The United Bank of Carbon, a not-for-profit UK-based collaboration of businesses and environmental scientists that undertakes sustainable rainforest conservation projects for their value as carbon sinks, has published a report from the University of Leeds’ School of Earth and Environment claiming that, this holiday season, Santa’s carbon footprint from the UK alone could be as high as 9 tonnes per stocking, 25% more than the average person in the UK emits in a whole year. Imagine how much higher his carbon footprint must be for Canada!
The report is based on assuming that Santa makes a single trip around the UK to deliver presents to all of the 7.7 million homes with just under two children per household, This would mean that he travels roughly 1.5 million km. If Santa’s greenhouse gas emissions are the same as aircraft freight, then bringing every child a stocking would emit 139 million tonnes of carbon dioxide, or 9 tonnes per stocking.
The report notes that if flying reindeer rather than a Rolls Royce jet engine do indeed power Santa’s sleigh, the situation could be even more worrying – the methane produced by the reindeer’s tailpipe emissions is over 20 times worse for climate than emissions of carbon dioxide. However, an environmentally-aware and technologically-savvy Santa may be able to capture some of the methane with specially designed reindeer backpacks and use it to aid sleigh flotation and, as a result, the academics are sticking with their 9 tonnes of carbon dioxide per stocking estimate.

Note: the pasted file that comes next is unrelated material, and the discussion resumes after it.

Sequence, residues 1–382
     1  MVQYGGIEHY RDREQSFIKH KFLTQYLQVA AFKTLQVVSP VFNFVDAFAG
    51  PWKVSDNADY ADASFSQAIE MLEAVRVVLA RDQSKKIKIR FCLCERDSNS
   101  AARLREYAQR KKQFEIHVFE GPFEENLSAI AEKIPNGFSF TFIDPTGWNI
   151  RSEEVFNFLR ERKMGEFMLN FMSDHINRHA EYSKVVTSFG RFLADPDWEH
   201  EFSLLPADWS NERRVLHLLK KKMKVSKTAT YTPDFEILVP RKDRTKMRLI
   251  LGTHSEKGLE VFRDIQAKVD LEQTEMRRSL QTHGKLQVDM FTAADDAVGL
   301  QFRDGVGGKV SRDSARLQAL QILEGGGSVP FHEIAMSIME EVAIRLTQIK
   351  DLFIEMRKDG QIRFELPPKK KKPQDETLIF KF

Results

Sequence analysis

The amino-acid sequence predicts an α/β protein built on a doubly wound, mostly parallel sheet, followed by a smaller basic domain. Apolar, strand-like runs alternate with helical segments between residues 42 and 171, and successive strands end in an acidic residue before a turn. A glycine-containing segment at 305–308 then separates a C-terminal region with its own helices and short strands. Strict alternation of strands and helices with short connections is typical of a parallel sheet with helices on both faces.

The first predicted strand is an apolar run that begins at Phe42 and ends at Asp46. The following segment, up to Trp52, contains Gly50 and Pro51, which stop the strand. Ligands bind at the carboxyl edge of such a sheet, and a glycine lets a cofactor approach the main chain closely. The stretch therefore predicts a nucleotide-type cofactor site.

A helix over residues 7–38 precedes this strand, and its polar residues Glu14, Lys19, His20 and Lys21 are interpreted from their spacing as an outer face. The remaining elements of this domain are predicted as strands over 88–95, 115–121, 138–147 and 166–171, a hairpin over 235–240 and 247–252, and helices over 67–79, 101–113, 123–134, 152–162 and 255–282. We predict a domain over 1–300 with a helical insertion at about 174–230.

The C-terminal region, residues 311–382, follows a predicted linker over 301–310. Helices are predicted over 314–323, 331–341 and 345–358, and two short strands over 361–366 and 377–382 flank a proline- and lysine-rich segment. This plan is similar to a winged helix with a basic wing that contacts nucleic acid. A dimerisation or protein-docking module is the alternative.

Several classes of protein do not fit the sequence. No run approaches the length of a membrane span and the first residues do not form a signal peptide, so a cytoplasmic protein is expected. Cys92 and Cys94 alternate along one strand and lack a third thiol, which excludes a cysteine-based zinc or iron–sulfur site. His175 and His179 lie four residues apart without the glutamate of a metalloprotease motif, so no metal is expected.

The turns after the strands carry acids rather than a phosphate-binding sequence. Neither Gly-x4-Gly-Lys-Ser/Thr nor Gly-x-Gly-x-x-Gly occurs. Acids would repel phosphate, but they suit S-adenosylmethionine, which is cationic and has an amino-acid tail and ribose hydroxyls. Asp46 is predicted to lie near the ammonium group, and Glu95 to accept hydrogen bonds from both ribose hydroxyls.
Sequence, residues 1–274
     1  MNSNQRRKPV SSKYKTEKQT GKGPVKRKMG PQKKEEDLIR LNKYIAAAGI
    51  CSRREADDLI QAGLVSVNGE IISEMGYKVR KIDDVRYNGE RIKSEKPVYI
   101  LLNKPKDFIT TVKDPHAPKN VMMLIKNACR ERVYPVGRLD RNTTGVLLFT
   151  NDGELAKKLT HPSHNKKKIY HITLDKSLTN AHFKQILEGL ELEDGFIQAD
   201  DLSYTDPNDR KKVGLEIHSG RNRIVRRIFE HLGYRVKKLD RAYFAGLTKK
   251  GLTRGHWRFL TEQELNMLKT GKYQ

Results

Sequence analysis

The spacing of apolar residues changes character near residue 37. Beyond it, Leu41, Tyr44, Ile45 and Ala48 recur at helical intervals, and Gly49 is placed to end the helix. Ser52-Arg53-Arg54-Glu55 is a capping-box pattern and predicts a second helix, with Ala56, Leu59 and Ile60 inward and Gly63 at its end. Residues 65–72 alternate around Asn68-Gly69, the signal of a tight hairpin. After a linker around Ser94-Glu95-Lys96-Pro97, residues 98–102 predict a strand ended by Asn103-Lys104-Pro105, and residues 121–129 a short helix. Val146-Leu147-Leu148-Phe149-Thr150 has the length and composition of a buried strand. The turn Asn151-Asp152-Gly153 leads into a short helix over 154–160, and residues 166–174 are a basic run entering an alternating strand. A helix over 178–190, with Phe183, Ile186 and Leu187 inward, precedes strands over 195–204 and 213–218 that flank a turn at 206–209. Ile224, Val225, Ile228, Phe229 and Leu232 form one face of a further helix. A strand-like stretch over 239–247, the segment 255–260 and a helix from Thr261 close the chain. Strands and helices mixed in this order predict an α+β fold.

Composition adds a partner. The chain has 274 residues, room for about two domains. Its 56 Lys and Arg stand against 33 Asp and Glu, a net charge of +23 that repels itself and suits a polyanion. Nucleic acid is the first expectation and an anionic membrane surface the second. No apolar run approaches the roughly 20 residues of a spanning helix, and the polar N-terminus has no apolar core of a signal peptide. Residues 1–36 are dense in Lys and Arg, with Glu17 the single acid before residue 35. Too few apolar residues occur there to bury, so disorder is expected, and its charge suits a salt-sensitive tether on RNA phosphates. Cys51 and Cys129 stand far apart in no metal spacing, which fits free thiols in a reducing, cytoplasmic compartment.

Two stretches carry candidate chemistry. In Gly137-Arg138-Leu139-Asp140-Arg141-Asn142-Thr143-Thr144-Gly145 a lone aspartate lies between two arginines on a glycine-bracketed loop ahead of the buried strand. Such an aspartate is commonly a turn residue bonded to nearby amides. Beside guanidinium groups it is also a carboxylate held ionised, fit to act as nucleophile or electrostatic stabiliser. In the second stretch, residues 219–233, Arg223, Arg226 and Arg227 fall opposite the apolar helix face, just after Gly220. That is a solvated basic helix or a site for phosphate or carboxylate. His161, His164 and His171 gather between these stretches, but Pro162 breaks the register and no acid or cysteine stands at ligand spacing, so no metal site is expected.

GallonDaily respectfully disagrees with the University of Leeds’ scientists. Santa is magic and. like most magic, there are no associated carbon emissions. In fact, Gallondaily confidently predicts that Santa’s travels are carbon neutral.
However, we do concur that the typical carbon footprint of manufacturing each gift is likely around 10kg, something that both Santa and gift givers would be well advised to consider when selecting Christmas gifts. Gifts with low materiality, such as theatre tickets, or gifts that contribute to carbon sinks, such as useful gardening gifts or durable wooden gifts, such as hockey sticks, can help reduce the overall carbon footprint of the holiday season.
However, this Santa story does illustrate a couple of messages that GallonDaily sees as important:
- major carbon accounting organizations, such as United Bank of Carbon, are now beginning to use simplified, low cost, methods to approximate carbon footprints. This bodes well for increased use of carbon footprint measurement and comparison in 2014 and subsequently.
- even such socially-protected images such as Santa Claus can now be subjected to implied criticism for their carbon emissions, suggesting that concern over climate change is now beginning to be as entrenched as Santa Claus. Hopefully, Canada’s leaders will take this into account not only in their 2013 Christmas gifting but also in their policy decisions in 2014 and beyond.
Happy Holidays and Happy Christmas to all our readers.
The report, which is well referenced and which contains much more useless data than reported here, is available at http://www.unitedbankofcarbon.com/latest-news/yorkshire-scientists-concerned-by-santasemissions/